FEATURE

Biomedical archive is first step towards national hub

Adam Bostanci introduces a new service to open up access to biomedical and health research in the UK

UK funders of biomedical and health research increasingly require that peer-reviewed articles arising from research they fund become freely available to maximise their impact. This trend has resulted in an exciting new project to create a national archive for such information. UK PubMed Central was launched in January 2007 and has already received hundreds of manuscripts from scientists working in biomedical and health research.

UK PubMed Central (UKPMC) is based on PubMed Central, the online archive platform developed by US National Institutes of Health (NIH). Like PubMed Central, UKPMC enables scientists to make their scientific articles freely available in a new national, subject-based repository. However, there is one aspect of the new archive that differs from its US sister. Whereas theNIHinthe USAmerely requests that research it funds be deposited in PubMed Central, many of UKPMC’s nine

funders – a group of government research funding agencies and leading medical research charities, brought together by the Wellcome Trust – make deposition in UKPMC a key requirement of their funding.

More than a mirror

The development and running of UKPMC is the responsibility of the British Library, the University of Manchester’s Information and Associated Services (MIMAS) and the European Bioinformatics Institute (EBI), who together won this contract in July 2006. Initially, UKPMC offers a UK-based version of the PubMed Central database, hosted on servers at MIMAS. The service offers access to a collection of more than 600,000 biomedical and life-science articles. In addition, UK PubMed Central has developed a manuscript submission system – at ukpmc.ac.uk/ukmss – to support the open-access policies of the UKPMC funders group. This enables scientists who receive research grants from this group, as well as publishers of their research, to add articles to the growing UKPMC collection.

The manuscript submission system comprises a user interface that allows researchers to upload their manuscript in a few simple steps. Researchers log into the system and enter information about their manuscript. Next, they upload the final version of the manuscript reflecting all changes arising from the peer-review process. Once the submission is complete, UK PubMed Central converts the manuscript into UKPMC-format, and, as soon as this is done, emails the principal investigator responsible for the research to approve the new UKPMC-manuscript. The article then becomes part of the UKPMC collection. The British Library runs this document management and publishing process.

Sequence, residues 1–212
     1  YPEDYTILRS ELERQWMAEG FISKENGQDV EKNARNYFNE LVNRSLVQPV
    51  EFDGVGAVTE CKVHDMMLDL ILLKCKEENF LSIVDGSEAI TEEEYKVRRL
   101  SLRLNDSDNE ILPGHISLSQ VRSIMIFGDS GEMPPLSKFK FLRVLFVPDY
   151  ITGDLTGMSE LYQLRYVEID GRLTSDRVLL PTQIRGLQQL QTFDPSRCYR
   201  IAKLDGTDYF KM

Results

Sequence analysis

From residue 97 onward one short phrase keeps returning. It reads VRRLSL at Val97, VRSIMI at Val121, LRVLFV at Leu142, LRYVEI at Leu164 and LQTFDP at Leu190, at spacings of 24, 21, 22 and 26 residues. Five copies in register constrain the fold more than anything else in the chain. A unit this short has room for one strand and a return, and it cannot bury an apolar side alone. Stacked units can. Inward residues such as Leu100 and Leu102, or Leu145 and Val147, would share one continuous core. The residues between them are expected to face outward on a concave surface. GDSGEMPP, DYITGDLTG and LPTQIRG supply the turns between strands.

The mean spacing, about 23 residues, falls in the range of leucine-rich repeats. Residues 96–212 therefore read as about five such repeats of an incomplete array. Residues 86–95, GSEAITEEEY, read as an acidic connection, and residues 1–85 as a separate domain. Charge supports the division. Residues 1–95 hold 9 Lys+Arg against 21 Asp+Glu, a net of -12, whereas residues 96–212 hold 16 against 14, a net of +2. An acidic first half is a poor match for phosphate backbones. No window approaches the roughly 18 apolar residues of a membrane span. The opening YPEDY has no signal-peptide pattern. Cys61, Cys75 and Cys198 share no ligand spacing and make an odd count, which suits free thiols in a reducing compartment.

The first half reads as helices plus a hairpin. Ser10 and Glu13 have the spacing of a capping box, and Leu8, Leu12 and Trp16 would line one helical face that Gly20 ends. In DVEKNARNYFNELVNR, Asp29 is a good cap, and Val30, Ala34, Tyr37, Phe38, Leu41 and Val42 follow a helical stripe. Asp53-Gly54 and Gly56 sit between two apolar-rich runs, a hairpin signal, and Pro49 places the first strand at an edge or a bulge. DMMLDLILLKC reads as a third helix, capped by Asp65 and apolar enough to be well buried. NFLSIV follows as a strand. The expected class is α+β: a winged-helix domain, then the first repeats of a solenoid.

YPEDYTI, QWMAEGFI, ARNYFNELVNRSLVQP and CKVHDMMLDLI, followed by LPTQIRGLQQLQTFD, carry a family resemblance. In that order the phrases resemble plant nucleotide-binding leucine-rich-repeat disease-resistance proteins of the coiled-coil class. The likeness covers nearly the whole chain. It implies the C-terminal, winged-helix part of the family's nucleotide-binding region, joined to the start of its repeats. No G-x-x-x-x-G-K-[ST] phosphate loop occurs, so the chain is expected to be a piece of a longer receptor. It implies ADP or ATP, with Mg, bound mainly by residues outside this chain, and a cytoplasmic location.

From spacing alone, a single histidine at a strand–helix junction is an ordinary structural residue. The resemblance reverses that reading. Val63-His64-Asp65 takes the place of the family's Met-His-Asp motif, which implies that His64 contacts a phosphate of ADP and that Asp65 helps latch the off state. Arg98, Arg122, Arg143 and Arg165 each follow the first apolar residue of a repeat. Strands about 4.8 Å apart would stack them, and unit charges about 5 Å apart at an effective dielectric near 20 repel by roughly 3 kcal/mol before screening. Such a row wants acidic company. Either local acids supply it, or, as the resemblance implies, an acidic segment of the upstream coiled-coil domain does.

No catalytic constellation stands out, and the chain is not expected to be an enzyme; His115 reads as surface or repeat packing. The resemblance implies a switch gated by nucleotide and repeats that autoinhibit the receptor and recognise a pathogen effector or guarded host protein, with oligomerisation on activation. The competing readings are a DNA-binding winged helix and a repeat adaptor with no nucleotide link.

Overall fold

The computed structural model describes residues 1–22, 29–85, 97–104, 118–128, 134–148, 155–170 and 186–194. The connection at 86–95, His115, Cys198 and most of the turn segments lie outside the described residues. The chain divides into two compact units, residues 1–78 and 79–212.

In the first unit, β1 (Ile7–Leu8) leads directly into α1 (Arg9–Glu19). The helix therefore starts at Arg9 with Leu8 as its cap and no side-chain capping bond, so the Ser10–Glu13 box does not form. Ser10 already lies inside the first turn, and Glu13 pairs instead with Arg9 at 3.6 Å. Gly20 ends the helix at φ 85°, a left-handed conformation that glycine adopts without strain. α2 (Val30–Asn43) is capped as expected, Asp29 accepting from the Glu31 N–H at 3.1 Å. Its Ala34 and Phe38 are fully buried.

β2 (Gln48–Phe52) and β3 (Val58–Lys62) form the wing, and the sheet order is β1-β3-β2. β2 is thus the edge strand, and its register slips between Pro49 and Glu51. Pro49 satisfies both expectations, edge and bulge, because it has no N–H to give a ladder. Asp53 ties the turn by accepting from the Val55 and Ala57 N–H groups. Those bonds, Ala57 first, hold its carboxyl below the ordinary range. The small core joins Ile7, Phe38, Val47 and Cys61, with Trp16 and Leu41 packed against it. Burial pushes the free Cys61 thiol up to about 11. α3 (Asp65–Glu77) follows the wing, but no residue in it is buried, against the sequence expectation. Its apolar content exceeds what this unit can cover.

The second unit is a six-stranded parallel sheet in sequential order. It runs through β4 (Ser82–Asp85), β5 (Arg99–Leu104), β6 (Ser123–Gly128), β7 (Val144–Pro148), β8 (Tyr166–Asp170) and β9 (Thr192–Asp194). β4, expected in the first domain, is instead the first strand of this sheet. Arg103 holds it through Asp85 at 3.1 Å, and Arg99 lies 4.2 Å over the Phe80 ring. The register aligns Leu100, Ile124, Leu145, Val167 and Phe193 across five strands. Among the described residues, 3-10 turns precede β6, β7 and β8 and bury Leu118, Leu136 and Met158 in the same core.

In the context of broader open-access developments, the launch of UKPMC could also raise some questions in the scientific community. For example, inclusion of research publications in an online repository has to meet the terms under which the research has been published. My role at the British Library is to facilitate the engagement of the scientific community with these issues. The British Library also provides a helpdesk to support scientists who want to include their publications in UKPMC.

Supporting science

Rewarding as it has been to see hundreds of manuscripts submitted since the start of the year, this is just the beginning of UK PubMed Central. For the British Library, UKPMC presents one exciting step towards creating a digital environment to support scientific research, which is one of our strategic aims.

In the coming years, the British Library envisages the creation of a new hub for biomedical and health research information for the UK. UKPMC offers a unique opportunity to work directly with the UK-funded scientific research community in such developments. Plans include integrating the UKPMC article collection with molecular datasets and medical information resources. Technologies like text-mining will enable new types of research and discovery on the UKPMC platform.

All the UKPMC partners will be important in developing these services for the UK. The European Bioinformatics Institute near Cambridge, which is part of the European Molecular Biology Laboratory, will contribute biomedical domain knowledge and text-mining tools to integrate the research literature with the underlying bioinformatics databases. Bioinformatics expertise in the Faculty of Life Sciences at the University of Manchester will support the process of engaging with higher-education users. Future development of UKPMC will also be able to exploit the expertise based at the National Centre for Text Mining (NaCTeM) at the University of Manchester.

Adam Bostanci is engagement manager for UK PubMed Central at the British Library. Further details about UKPMC can be found at ukpmc.ac.uk.